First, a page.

A lucid appraisal of the life and works of the British writer hailed by critics as the literary descendant of D.H. Lawrence
Known primarily for his novels Saturday Night and Sunday Morning and The Loneliness of the Long-Distance Runner, Sillitoe has written more than fifty books over the last forty years, including novels, plays, and collections of short stories, poems, and travel pieces, as well as more than four hundred essays. In this comprehensive study of the major novels and short stories, Hanson reveals the influences on Sillitoe and the dominant thematic concerns of his works.
Hanson begins her analysis with an account of Sillitoe's early life and his beginnings as a writer during the war years in Nottingham. She carefully examines such literary influences as Lawrence, Victor Hugo, Robert Tressell, Israel Joshua Singer, and Robert Graves. Focusing on Saturday Night and Sunday Morning; The Loneliness of the Long-Distance Runner; Men, Women, and Children; Her Victory; Leonard's War; and Snowstop, Hanson also considers four dominant themes of Sillitoe's works: the "new" existentialism that grew out of British culture during the 1950s and 1960s; the question of identity in the "love" stories; the use of madness as a necessary step toward freedom; and the complex and defiant characterization of women. Hanson contends that by realistically looking at universal issues and articulating the dilemmas of those unable to do so themselves, Sillitoe has been able to achieve popular and critical success.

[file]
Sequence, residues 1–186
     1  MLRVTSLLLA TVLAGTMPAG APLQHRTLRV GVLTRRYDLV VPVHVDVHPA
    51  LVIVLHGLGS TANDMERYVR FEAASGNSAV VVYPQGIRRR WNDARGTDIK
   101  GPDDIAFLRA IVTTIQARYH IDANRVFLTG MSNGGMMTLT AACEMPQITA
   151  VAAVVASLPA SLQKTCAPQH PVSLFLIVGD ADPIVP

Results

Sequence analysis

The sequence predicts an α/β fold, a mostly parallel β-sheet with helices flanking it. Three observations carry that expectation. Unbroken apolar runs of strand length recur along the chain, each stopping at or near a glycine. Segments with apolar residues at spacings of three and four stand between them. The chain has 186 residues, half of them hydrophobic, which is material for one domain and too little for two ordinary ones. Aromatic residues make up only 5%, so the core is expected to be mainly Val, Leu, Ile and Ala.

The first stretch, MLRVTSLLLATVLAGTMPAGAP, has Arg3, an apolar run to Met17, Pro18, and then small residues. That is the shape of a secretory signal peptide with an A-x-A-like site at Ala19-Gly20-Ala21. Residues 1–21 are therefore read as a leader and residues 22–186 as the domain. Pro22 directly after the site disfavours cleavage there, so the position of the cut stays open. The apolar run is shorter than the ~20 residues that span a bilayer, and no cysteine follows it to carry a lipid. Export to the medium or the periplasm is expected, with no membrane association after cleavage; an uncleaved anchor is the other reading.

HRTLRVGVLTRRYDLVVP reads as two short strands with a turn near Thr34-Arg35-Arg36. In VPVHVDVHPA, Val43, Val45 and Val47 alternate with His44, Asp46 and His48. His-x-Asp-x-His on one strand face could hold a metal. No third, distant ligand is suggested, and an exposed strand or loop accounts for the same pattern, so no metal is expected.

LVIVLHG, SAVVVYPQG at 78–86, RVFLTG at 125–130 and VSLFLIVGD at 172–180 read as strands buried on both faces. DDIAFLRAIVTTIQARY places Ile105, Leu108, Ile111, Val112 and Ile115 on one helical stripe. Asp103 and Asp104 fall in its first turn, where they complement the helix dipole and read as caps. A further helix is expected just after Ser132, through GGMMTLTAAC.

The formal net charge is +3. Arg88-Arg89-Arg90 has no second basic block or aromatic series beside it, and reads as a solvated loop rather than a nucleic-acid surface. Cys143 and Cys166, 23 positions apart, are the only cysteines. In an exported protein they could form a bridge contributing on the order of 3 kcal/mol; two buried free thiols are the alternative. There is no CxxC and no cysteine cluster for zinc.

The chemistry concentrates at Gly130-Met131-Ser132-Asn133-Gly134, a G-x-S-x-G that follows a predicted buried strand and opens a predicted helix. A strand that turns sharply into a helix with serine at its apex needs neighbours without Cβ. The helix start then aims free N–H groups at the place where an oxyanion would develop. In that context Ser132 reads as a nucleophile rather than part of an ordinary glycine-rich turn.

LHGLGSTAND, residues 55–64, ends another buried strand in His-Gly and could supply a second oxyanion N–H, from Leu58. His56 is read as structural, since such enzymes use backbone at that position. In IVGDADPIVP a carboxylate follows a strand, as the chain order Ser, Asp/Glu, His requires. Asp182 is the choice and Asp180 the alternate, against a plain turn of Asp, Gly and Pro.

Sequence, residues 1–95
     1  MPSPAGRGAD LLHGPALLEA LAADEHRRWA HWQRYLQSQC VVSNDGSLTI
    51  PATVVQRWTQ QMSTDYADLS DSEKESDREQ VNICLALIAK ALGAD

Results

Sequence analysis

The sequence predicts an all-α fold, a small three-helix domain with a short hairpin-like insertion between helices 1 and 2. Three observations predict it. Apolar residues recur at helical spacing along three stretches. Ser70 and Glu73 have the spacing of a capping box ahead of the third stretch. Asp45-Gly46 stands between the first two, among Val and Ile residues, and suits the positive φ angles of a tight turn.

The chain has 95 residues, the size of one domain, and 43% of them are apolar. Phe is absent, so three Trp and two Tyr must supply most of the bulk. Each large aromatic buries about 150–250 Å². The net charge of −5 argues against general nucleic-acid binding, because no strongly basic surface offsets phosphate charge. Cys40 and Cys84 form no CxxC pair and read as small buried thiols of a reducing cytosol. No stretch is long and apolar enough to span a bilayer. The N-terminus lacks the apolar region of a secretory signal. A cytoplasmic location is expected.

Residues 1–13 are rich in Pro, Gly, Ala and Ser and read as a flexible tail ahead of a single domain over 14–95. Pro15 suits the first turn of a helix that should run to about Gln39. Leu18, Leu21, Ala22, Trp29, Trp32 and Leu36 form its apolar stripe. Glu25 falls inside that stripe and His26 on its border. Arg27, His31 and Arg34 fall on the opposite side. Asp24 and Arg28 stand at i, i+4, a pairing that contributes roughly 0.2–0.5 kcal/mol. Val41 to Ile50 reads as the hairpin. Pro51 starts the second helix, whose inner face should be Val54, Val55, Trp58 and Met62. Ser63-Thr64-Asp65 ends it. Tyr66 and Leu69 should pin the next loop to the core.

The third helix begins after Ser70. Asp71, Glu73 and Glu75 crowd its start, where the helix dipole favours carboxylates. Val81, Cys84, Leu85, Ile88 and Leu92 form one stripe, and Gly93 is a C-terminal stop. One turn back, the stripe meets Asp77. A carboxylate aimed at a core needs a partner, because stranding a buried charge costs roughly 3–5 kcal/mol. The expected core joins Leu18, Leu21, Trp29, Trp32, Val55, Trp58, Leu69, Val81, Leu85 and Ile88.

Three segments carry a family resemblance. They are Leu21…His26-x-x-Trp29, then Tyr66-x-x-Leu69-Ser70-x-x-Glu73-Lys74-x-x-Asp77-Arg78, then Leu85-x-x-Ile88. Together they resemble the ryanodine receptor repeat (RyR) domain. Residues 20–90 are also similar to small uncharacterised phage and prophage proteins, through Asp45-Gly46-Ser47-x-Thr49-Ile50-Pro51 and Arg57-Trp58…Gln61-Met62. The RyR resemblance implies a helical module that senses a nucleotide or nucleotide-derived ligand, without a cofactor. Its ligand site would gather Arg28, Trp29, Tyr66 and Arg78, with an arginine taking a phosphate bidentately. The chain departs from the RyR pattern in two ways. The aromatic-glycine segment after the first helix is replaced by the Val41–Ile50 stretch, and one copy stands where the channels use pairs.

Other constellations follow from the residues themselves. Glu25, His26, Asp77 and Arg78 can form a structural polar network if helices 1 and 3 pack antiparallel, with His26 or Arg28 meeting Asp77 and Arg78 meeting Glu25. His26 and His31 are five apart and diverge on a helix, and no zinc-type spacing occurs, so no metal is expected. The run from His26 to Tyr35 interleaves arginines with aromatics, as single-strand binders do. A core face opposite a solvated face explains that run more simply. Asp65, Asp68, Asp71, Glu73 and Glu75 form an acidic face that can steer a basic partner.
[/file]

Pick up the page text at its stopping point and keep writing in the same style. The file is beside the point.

Gillian Mary Hanson is a lecturer in the English department of the University of Houston-Downtown. She is a native of Sussex, England.